As more and more Americans look to become responsibly armed (5 million new gun owners in 2020!), the question of what kind of first gun to get has become more frequent. Those who grew up around guns likely started shooting with a .22 caliber rifle. But those looking for a firearm right now are probably seeking something for home defense or personal protection. And many will immediately jump to think they need a 9mm. The humble .22, however, has been used in quite a few home-defense situations. While everyone’s first gun won’t be the same, the considerations when purchasing should be.
This is a companion discussion topic for the original entry at https://www.usconcealedcarry.com/blog/first-gun-rifle-or-handgun/
Wow, I don’t really recall which way I got started. I remember my uncle letting me shoot his .45 out in the woods, but I think he was secretly hoping I’d punch myself in the face from the recoil. I also remember various small caliber rifles. I don’t think I truly became comfortable with any firearms until I camped on an M16 range for a week, but I had owned a semi-automatic pistol and a rifle before that. Looking back, I doubt my ability to defend my home with either because I lacked the training.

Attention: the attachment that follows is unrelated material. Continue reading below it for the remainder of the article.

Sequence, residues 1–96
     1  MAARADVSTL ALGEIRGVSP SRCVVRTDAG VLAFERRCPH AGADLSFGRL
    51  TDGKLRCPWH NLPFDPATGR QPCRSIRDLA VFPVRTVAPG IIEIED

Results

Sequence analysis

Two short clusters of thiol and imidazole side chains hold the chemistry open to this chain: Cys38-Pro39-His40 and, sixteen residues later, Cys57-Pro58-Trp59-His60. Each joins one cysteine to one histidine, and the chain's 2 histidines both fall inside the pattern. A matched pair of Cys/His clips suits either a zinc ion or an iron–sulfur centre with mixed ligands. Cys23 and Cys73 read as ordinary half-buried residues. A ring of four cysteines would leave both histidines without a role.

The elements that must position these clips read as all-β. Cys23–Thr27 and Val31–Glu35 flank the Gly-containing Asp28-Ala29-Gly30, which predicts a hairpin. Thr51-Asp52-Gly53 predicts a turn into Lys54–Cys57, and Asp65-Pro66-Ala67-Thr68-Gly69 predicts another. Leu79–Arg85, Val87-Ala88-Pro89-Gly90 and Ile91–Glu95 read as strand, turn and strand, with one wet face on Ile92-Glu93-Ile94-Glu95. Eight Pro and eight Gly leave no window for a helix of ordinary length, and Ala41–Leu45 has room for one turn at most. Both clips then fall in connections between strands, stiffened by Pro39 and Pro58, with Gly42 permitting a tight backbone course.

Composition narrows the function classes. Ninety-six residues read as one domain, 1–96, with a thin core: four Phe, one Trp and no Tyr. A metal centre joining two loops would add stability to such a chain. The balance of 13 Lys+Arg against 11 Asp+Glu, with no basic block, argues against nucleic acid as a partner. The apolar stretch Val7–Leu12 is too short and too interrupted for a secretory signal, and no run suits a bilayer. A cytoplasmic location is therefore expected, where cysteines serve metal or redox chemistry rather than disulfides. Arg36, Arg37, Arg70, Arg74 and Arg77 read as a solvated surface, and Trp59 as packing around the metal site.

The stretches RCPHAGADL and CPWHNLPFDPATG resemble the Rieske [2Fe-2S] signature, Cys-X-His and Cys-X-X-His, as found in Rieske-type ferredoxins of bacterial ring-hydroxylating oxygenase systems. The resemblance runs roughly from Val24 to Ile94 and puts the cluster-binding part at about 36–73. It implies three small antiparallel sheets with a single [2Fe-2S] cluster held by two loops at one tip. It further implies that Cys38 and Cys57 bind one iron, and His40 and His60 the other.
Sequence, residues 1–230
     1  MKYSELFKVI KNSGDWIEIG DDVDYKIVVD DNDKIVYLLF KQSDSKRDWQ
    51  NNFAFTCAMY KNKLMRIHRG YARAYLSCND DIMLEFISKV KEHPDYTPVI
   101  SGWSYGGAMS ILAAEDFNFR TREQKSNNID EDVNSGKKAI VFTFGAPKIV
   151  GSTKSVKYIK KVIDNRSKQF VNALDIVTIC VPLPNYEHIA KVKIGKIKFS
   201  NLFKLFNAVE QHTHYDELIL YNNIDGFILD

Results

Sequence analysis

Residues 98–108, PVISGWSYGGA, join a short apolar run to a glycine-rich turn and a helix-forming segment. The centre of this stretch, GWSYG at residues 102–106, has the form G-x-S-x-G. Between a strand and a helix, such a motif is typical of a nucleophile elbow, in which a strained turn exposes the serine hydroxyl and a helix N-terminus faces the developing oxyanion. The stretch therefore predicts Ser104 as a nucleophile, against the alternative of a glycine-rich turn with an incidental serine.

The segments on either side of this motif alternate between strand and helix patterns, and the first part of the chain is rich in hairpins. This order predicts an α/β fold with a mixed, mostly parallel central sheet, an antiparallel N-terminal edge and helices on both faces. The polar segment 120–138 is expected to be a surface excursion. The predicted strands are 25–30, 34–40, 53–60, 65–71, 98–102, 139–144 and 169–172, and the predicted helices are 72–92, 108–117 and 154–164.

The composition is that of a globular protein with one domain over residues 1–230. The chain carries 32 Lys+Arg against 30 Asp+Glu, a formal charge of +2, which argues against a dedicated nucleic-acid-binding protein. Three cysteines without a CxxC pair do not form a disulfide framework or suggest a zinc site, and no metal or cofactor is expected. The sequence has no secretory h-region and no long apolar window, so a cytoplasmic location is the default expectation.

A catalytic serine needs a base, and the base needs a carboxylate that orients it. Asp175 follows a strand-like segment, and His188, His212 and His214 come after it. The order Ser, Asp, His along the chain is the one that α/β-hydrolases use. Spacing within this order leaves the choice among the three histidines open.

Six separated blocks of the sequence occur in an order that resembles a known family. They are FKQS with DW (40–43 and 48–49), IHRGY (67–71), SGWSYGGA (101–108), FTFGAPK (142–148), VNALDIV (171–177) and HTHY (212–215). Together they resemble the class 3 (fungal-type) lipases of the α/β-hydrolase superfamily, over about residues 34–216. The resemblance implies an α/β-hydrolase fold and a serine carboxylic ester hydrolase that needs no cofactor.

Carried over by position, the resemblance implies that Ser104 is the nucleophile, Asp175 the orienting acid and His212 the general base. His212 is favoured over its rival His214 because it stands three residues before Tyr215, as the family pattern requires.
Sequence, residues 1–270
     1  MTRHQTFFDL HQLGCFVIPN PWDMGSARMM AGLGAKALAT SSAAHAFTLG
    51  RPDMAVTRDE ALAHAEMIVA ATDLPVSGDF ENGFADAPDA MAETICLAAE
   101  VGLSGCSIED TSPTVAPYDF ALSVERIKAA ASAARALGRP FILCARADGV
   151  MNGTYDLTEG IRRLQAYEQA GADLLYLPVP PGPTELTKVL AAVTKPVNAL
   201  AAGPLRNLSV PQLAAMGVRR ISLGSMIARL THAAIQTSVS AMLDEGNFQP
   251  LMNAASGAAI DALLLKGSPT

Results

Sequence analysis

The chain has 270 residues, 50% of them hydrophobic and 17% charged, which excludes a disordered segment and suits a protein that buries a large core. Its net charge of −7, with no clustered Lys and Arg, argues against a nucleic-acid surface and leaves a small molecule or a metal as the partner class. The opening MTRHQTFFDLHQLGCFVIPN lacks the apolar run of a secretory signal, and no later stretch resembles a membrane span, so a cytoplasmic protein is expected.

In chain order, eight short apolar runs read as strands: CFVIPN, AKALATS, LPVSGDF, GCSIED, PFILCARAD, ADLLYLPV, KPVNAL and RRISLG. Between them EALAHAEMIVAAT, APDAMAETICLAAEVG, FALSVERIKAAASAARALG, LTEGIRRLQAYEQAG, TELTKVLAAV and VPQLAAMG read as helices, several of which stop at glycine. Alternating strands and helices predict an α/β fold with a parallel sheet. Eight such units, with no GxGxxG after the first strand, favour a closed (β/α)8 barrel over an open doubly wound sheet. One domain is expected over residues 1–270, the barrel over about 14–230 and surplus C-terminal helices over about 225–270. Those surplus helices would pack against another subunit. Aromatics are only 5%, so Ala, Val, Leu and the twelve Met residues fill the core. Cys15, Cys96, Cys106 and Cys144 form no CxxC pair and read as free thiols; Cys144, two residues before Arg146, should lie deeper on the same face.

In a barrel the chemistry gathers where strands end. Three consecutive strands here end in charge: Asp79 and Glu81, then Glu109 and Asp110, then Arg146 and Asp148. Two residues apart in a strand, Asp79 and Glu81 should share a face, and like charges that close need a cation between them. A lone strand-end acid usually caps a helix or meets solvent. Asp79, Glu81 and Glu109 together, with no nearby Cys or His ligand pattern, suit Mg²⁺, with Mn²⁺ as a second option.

I started at 5 years old and it was a .22 bolt action, very heavy for me back then. My daughter, on the other hand, didn’t start until her 20s and it was a Rem 870 12 gauge, primarily for home defense. I did have a 10/22 with a bx-25 for home defense for a number of years, so I agree that a .22 can be useful. However, I’d recommend lower velocity if doing so, so the penetration through walls and outside the house is reduced.
My first gun was a Rugar Mark 2. And I got it because I didn’t know if I could handle the recoil of larger caliber guns. But a friend let me shoot his 1911 to see if I could handle it. And I was able to. And now I have guns in several larger calibers than just .22lr.
I remember when I recently first started, there was much to enjoy learning.
Although this booklet (linked below) focuses on California, if you’re new to firearms, this webpage offers a free downloadable booklet on “safe use” of firearms.
Video copied below discusses handgun accuracy, emphasizing trying not to jerk the gun when pulling the trigger, and needing to please use a very firm grip. My favorite segment was on how he suggests practice dry fire at the range first, watching if you moved the gun when pulling the trigger. I think he conveyed it’s that jerking movement which will unfortunately make your shots be too far from the bullseye. Heads up, I like him, but I think he had a lot of coffee that day.
Have fun at your next range session.